Random Access Schemes in Wireless Systems With Correlated User Activity

Anders Ellersgaard Kalør, Osama A. Hanna, Petar Popovski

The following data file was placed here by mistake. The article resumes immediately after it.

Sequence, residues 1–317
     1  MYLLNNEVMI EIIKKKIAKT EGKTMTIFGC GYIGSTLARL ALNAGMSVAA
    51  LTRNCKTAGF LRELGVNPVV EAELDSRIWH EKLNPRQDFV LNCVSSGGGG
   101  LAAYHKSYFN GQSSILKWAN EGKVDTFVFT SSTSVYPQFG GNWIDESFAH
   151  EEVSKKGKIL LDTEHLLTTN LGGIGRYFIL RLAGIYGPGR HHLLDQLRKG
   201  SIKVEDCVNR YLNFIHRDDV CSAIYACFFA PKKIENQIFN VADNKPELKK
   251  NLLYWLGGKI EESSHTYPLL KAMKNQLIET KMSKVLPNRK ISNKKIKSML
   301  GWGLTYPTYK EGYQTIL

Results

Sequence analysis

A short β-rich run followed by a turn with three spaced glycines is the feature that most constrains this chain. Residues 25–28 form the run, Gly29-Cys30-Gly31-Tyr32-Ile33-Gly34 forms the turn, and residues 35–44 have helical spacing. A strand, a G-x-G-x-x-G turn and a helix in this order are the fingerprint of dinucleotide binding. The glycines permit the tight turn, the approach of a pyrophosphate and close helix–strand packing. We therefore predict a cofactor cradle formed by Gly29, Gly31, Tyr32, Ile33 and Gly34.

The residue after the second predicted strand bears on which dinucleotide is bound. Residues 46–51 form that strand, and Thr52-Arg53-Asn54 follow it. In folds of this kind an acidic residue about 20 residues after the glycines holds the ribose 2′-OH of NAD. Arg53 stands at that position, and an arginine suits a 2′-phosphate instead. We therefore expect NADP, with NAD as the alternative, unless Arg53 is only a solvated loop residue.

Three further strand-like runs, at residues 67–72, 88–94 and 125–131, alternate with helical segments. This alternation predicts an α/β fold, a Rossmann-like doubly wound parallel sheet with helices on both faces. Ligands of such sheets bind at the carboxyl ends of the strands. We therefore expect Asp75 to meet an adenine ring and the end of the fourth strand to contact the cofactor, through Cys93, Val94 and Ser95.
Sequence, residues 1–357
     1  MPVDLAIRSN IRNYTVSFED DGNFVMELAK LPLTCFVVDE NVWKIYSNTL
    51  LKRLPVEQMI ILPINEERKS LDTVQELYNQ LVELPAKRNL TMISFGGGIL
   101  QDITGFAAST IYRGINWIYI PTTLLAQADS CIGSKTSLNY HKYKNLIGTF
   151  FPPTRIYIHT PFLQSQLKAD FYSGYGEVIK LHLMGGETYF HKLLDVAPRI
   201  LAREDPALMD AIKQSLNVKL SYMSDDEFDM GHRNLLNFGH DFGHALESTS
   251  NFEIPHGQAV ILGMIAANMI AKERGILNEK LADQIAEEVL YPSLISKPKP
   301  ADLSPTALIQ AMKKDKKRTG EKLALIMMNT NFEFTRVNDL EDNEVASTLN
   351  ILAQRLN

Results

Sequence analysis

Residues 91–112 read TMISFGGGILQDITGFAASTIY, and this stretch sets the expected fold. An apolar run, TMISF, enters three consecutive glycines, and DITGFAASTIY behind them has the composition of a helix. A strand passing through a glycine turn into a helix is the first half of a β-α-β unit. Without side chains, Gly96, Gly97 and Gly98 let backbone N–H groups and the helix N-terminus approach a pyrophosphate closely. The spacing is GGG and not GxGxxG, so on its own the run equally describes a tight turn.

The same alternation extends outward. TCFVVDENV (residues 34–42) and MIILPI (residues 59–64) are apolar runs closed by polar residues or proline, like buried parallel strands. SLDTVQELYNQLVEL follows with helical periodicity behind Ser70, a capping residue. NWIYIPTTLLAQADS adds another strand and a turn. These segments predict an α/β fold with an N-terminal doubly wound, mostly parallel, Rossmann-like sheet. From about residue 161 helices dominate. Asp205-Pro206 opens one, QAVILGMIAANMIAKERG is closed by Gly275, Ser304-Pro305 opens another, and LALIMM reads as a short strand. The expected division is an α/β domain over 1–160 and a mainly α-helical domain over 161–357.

Traditional random access schemes are designed based on the aggregate process of user activation, which is created on the basis of independent activations of the users. However, in Machine-Type Communications (MTC), some users are likely to exhibit a high degree of correlation, e.g. because they observe the same physical phenomenon. This paves the way to devise access schemes that combine scheduling and random access, which is the topic of this work. The underlying idea is to schedule highly correlated users in such a way that their transmissions are less likely to result in a collision. To this end, we propose two greedy allocation algorithms. Both attempt to maximize the throughput using only pairwise correlations, but they rely on different assumptions about the higher-order dependencies. We show that both algorithms achieve higher throughput compared to the traditional random access schemes, suggesting that user correlation can be utilized effectively in access protocols for MTC.

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